Singapore Prime Minister Lee Hsien Loong received his first shot of a COVID-19 vaccine on Friday, and urged others to take the jabs in a country that has largely brought the pandemic under control.
The 68-year-old shared a video of himself on his official Facebook page being injected in the arm at a local hospital.
Singapore has so far only approved Pfizer-BioNTech’s vaccine but has said it has secured enough doses for its 5.7 million population including from other vaccine-makers like Moderna and Sinovac.
“We got vaccinated early to show Singaporeans we are confident that the vaccine is safe and effective,” Lee said in a post accompanying the video, adding that he had been vaccinated alongside the country’s top health official, Kenneth Mak.
The rich island nation did some initial vaccinations of healthcare workers at the end of December. But Lee said broader vaccinations of staff at public healthcare institutions would start on Friday, followed by the elderly next month.
Government studies show nearly 60% of people are willing to be vaccinated, the health ministry has said. But the plans have stirred rare hesitancy among some due to the low risk of infection in Singapore and concern about any possible side effects from rapidly developed vaccines.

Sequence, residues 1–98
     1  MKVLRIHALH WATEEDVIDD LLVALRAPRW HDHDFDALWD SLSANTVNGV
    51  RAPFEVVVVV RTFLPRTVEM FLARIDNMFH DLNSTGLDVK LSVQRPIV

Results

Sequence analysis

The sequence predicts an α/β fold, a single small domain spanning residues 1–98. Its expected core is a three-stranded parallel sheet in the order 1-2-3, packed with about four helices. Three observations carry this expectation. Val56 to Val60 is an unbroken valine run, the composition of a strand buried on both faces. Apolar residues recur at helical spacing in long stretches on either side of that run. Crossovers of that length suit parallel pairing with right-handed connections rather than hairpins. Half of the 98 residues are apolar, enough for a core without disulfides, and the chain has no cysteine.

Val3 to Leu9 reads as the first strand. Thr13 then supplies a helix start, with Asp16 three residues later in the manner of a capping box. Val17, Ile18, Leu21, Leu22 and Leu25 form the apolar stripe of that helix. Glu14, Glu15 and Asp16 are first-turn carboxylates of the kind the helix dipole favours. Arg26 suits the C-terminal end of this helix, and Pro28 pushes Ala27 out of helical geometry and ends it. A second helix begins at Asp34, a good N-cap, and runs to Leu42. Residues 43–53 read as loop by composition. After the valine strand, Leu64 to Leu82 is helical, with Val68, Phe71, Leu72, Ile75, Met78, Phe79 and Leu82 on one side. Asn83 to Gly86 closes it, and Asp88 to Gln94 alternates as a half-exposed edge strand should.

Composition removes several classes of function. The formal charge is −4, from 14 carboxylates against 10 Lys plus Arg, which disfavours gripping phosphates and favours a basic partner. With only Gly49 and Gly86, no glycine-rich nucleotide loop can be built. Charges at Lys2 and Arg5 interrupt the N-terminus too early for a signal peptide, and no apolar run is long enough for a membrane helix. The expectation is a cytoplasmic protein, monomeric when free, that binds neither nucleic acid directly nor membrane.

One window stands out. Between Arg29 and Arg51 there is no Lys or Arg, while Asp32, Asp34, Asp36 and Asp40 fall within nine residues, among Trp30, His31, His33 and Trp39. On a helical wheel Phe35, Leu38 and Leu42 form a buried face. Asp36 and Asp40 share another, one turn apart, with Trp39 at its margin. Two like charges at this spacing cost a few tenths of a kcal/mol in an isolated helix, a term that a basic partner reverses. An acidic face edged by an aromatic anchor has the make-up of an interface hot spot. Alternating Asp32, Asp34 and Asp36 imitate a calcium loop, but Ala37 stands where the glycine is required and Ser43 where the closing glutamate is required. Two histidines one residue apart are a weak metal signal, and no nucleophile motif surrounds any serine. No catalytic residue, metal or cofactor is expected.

Unlike other countries that have embarked on mass vaccination programmes like the United States and Britain, the Southeast Asian island has largely eradicated the disease and has reported only a handful of local cases in recent months.
“Vaccinations are voluntary, but I hope that when it’s your turn, you will go for it,” Lee said, adding that he had been monitored for 30 minutes after the jab for any possible side effects and “felt fine”.
Authorities have said they will consider relaxing travel restrictions for people who have been vaccinated against the disease which has killed around 1.9 million people globally.